Levan Davitashvili, the Chairman of the National Wine Agency, claims that the government has scrupulously fulfilled their social responsibility and that there had been nothing to impede a satisfactory vintage. The 2014 edition of this centuries-old tradition has been, it would appear, well-organized and successful.
Customarily, the vintage begins in the region of Dedoflistskaro, while a more recent innovation is a “hotline” based in Gurjaani (Kakheti, east Georgia) through which the wine harvest is coordinated and regulated. The number of produced grapes was calculated by a computer program with a united online database. As was the case last year, the Government decided again to subsidize white and red grapes, to support viticulture and wine-making. The subsidies are set at 35 tetri for 1kg of “Rqatsiteli” and 15 tetri for 1kg of “Saperavi”.
Significantly, those involved in the 2014 Vintage reported a great improvement in quality control. This was especially important with regards to the export of Chacha from facilities, a move which combats against the falsification of wine. In addition, in the region of Racha, to be sure that only high quality grapes were imported, the Government has started to control all the routes used to import the grapes long before the vintage begins. This has notably improved the raw materials base for “Khvanchkara”, perhaps the most famous of Racha wines for which there is always great popular demand.
The National Wine Agency mentioned that, in Georgia, the Government was no longer abrasively interfering in the vintage process, as had previously been the case. During such times, the Government was determining the price of grape unilaterally and becoming a competitor in the private sector. Furthermore, winegrowers blamed such interference for failing to protect their grapes from hail and drought. To properly address the problem of dealing with adverse weather conditions, the Government has introduced an agricultural insurance program to protect the winegrowers. In the near future, there are plans to examine the reliability of the anti-hail system, produced by a company in Kakheti region.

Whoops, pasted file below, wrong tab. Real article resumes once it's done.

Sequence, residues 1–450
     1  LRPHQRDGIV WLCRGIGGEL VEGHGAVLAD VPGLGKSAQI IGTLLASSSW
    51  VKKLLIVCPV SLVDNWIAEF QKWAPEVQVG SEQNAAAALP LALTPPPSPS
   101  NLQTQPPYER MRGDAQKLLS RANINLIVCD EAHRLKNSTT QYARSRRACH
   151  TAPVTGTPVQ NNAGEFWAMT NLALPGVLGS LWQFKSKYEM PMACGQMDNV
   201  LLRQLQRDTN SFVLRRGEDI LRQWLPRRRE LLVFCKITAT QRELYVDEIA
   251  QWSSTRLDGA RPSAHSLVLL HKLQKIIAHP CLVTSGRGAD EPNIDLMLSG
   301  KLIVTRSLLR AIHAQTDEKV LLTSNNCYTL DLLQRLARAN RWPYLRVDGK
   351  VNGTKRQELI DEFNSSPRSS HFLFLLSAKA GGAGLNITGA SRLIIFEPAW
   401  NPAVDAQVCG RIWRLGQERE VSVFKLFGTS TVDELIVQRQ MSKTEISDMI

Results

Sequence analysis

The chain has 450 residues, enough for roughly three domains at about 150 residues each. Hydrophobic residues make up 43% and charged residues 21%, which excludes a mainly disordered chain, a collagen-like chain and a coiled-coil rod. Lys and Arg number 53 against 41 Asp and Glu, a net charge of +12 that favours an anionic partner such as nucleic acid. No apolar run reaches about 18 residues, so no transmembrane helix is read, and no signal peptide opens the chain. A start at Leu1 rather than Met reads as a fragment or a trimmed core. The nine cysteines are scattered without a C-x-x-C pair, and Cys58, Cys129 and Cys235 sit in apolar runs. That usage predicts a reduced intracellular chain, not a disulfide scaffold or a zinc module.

According to preliminary calculations, the estimated amount of grapes yielded in the 2014 Vintage is about 126,000 tons (96,000 tons of “Rqatsiteli” and 30,000 tons of “Saperavi”). It is looking like a very productive year. Indeed, after finishing the vintage in Kakheti in 2013 the profit for the society was 100 million Lari with 17,000 people receiving income directly and in 2014, by the middle of September, the the same figure had already reached 77 million Lari.
In Kakheti region a total of 35 wineries delivering the different varieties of grape and 65 companies received and processed these grapes. Full information about the vintage statistics, according to the geography and the grape varieties, are available on the website of the National Wine Agency: http://georgianwine.gov.ge/statistic/.
Several professional experts of wine-making claim, that the success of this year’s vintage was down to the well-planned and well-realized programs of the Ministry Of Agriculture and The National Wine Agency in 2013-2014. During the vintage, in one of these programs in Kakheti, masters of wine and representatives of the media from China, USA and the UK examined Georgian wineries and learned about the local technologies used for wine-making. This was all part of an approach aimed at popularizing Georgian wine beyond its borders.
According to information provided by the National Wine Agency, Georgian wine has made a significant return to the Russian market, historically a large importer before the recently lifted embargo.